Bitcoin may be nearing annual highs, but newcomer Zcash stole the show this week, generating robust momentum even before its launch.
The digital currency, whose use of zero-knowledge proofs is said to offer cryptocurrency users new levels of privacy, released its blockchain and first tokens (zerocoins) on 28th October.
In anticipation of the launch, nascent Zcash futures markets saw robust trading. The pairs, which traded against bitcoin prior to the release of zerocoins, rose from a low of 0.027 BTC ($18.50) on 15th September to 0.78 BTC ($535) on 28th October. Yet, this figure surged nearly 1,200% to 10 BTC ($6,864) on the day of their launch.
This wasn't the end of its story, however. With a unique release schedule, speculation hit highs often unseen even in the volatile cryptocurrency sector.
Zcash rose to far more impressive heights on digital currency exchange Poloniex, with the price of 1 ZEC reaching roughly 3,300 BTC (or more than $2m), on 28th October. This sharp increase gave way to equally jolting losses, as Zcash was trading at 48 BTC later in the day.
Tim Enneking, chairman of Crypto Currency Fund, described the price movements as "crazy".
"There's no way this valuation's gonna hold," he said in reference to the lofty prices reached by Zcash futures.
"This is scarcity driving the train, that's it."
In spite of all the momentum surrounding Zcash, some market observers emphasized that more than one currency has enjoyed surging value before fading from relevance.
"Like all other cryptos, Zcash will need to prove useful to a large enough market for a long enough period of time to avoid death or irrelevance," said Petar Zivkovkski, director of operations for leveraged bitcoin trading platform Whaleclub.
Digital currency hedge fund manager Jacob Eliosoff took a different tack, asserting that Zcash may be slightly overhyped.
In particular, he cited other blockchain communities that have focused on privacy solutions and that are already in use in the market.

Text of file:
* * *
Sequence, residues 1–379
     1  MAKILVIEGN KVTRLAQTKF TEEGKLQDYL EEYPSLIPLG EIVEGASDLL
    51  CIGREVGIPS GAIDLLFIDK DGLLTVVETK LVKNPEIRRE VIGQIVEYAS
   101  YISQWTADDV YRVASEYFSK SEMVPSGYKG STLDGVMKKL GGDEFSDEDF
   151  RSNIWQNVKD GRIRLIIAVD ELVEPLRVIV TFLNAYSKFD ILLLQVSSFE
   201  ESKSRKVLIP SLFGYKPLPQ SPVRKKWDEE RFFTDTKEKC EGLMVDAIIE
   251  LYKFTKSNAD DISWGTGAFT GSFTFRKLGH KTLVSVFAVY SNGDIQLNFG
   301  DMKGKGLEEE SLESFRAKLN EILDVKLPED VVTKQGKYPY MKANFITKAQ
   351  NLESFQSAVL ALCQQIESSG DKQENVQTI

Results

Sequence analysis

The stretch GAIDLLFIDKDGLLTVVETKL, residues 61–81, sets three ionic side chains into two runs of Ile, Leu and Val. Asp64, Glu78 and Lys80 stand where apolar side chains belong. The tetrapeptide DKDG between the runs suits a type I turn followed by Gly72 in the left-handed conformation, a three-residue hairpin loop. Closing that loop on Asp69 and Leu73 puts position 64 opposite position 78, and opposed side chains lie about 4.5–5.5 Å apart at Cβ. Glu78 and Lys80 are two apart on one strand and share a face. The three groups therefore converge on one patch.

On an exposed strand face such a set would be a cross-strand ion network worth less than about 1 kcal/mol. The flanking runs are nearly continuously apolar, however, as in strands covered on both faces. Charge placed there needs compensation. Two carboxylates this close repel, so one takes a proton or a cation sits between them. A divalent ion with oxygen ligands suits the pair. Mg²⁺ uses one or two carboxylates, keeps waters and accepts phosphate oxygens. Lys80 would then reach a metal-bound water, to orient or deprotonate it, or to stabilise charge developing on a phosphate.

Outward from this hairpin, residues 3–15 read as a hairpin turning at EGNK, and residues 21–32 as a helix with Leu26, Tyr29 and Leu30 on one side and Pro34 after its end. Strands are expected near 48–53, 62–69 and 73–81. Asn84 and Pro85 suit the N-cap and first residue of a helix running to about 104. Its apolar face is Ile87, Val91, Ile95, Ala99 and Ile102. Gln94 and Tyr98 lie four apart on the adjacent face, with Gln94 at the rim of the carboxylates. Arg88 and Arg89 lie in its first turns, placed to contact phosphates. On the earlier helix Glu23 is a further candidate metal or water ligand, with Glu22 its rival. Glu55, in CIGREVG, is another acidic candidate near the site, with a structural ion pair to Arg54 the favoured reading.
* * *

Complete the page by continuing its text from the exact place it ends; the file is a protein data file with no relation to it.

"Zcash looks like it may offer slightly more thorough anonymity than Monero, but not a major difference from a user or business perspective," he told CoinDesk.
Eliosoff emphasized that users don't need the latest cryptocurrency so much as they need digital currencies that protect their identities and work effectively.
Bitcoin enjoys big gains
While Zcash grabbed the lion's share of attention this week, bitcoin enjoyed a 9% gain as market dynamics and concerns about China's continued devaluation of the yuan pushed prices higher.
Bitcoin prices surged from $628.62 at 12:00 UTC on 21st October to $686.52 by 12:00 UTC on 28th October, CoinDesk USD Bitcoin Price Index figures reveal.
At press time, bitcoin had jumped even further, rising almost 4% to a high of $713.
The digital currency's upward price movement triggered many short squeezes "across leveraged trading platforms," said Zivkovkski, though others suggested the renewed momentum may amount to more of a comeback after weeks of sideways trading.
Whaleclub data indicates that during the week through 12:00 UTC, the market was more than 90% long on all but one day.
The cryptocurrency might enjoy further gains as traders shift their focus away from altcoins, said Eliosoff. He emphasized that bitcoin has both recovered from the Bitfinex hack and approached $700.
Now, "investors have begun to take profit on various altcoins and focus on the king crypto."
Ethereum's identity crisis
Both ethereum (ETH) and its alternative blockchain ethereum classic (ETC) suffered weekly losses as the two currencies seem clouded by uncertainty.
"The hard fork as well as turmoil and DDoS attacks on the ethereum network have impacted prices negatively," said Zivkovski. "ETH and ETC are going through an identity crisis: of what use will they be in a future powered by digital currencies?"
Enneking also weighed in on the future relevance of the two currencies, though he stated that the price declines were an obvious side effect of the more immediate technical issues.
"When ethereum is being attacked repeatedly, that doesn't look good in the eyes of consumers," he quipped.
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